CNN: What if children don’t start or complete the full series – do they now get the updated booster vaccine or the original monovalent vaccine?

Wen: The answer varies between Moderna and Pfizer. For Moderna, the basic series is two doses, so the child needs to complete the first two shots with the original formula. The booster dose – the third dose – is the bivalent vaccine. For Pfizer, the primary series is three doses. The first two doses should have been the original formulation, but now the third vaccine is the bivalent vaccine.

CNN: What about young children who have completed three doses of the Pfizer vaccine — are they eligible for a fourth dose?

Wen: no. The FDA explicitly says that children ages 6 months to 4 years who completed their initial three-dose series with the original Pfizer vaccine are not eligible for a fourth dose of the bivalent vaccine. This is because the initial three-dose series of vaccine is still expected to have strong protection against severe disease of Omicron. This recommendation will be re-evaluated as new data emerge.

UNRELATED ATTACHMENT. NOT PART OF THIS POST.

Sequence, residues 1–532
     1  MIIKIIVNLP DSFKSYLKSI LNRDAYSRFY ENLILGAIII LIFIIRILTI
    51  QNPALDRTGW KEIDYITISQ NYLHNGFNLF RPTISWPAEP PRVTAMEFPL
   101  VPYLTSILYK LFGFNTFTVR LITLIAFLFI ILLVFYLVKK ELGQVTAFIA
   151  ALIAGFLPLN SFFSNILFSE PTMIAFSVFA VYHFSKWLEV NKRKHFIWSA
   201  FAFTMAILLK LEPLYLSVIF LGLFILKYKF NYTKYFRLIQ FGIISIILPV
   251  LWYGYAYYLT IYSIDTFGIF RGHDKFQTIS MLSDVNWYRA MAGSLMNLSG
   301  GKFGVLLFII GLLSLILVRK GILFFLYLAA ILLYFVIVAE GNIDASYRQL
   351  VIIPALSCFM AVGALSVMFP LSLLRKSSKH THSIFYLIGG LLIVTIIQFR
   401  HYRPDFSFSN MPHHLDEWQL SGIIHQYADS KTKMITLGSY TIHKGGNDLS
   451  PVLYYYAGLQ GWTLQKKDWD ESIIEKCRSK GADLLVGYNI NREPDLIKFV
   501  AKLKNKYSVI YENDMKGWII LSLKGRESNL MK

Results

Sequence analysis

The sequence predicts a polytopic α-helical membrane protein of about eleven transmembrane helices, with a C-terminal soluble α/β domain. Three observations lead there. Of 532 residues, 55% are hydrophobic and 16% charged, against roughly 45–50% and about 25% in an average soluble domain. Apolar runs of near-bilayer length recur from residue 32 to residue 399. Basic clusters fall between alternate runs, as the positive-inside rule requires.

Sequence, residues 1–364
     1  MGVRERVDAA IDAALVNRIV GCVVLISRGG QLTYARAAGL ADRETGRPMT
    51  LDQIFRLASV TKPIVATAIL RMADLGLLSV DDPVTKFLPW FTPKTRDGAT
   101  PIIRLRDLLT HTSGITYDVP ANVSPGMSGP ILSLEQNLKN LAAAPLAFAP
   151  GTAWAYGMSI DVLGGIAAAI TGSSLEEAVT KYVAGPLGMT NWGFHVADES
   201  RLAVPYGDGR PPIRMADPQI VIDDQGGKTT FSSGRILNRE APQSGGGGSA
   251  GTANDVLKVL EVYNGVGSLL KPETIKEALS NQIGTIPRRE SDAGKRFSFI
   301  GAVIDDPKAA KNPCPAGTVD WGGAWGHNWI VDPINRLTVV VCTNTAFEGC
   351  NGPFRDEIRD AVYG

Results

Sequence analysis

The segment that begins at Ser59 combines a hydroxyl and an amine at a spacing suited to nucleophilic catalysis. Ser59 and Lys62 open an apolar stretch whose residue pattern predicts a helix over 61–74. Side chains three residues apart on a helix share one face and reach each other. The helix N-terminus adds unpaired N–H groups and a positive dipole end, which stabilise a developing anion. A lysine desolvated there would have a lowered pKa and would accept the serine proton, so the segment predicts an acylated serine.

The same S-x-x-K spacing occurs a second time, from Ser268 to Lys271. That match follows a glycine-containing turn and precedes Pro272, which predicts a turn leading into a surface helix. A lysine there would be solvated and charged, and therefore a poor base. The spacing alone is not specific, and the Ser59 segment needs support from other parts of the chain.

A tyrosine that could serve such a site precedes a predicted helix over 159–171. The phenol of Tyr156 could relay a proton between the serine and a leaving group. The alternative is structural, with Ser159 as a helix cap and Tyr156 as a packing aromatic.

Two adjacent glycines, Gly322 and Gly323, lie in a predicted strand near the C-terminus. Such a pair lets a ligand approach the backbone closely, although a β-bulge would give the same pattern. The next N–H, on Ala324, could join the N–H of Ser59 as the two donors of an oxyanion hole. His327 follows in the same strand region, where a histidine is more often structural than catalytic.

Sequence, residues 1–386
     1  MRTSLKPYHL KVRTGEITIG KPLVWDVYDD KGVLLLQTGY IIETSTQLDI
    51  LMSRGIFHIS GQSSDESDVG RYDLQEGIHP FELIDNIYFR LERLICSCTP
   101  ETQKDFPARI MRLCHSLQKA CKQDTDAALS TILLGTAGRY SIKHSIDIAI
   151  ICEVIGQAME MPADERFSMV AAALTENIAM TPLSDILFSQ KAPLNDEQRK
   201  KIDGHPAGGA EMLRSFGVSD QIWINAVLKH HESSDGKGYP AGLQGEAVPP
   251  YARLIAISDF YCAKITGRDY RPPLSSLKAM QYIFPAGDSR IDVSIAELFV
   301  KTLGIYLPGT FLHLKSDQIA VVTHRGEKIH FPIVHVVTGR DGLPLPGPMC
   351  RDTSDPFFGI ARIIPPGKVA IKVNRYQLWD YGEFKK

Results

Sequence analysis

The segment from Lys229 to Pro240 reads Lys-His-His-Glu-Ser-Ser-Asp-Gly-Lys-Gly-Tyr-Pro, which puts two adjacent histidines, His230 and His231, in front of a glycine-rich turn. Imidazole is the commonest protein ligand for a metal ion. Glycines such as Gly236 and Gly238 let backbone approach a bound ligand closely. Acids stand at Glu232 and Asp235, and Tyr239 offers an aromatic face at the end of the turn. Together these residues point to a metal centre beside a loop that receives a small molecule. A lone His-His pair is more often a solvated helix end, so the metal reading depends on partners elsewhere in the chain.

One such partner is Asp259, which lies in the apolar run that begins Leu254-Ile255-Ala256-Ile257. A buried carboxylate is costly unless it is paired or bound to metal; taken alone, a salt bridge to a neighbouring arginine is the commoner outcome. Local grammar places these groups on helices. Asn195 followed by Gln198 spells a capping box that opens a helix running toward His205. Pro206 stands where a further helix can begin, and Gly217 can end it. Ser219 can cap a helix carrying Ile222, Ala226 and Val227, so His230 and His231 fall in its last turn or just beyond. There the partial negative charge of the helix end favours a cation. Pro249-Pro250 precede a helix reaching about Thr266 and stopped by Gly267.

CNN: Can parents and caregivers who have not completed the initial series of Moderna opt for the bivalent vaccine as a second dose?

Wen: No, the FDA’s authorization for Moderna’s primary adult series — the two doses — is for the original monovalent vaccine. Likewise, there is no choice about which vaccine formulation to give as a booster for Pfizer in adults. The bivalent booster is only available as the third shot, not the original monovalent, which is still given as one or two doses. This reflects the permission given to adults – the initial series is the monovalent vaccine, with Pfizer and Moderna’s only adult booster being the updated booster.

CNN: What are the possible side effects of the updated booster?

Wen: It is expected that children who receive an updated booster dose will have similar types of side effects as the original vaccines. These side effects tend to be mild and short-lived, and usually go away in the first 24 hours after vaccination. Adverse reactions can include pain and swelling at the injection site, tiredness, crankiness, drowsiness, headache, muscle aches, and sometimes fever. Many children do not experience any side effects. The risk of serious side effects, such as myocarditis (inflammation of the heart muscle), is expected to be extremely rare in this younger age group.

CNN: What if children actually contract Covid-19?

Wen: People who have had Covid-19 can wait three months until after they have recovered from the coronavirus to receive another vaccine dose, according to the CDC. They are likely to have very good protection against infection in this period.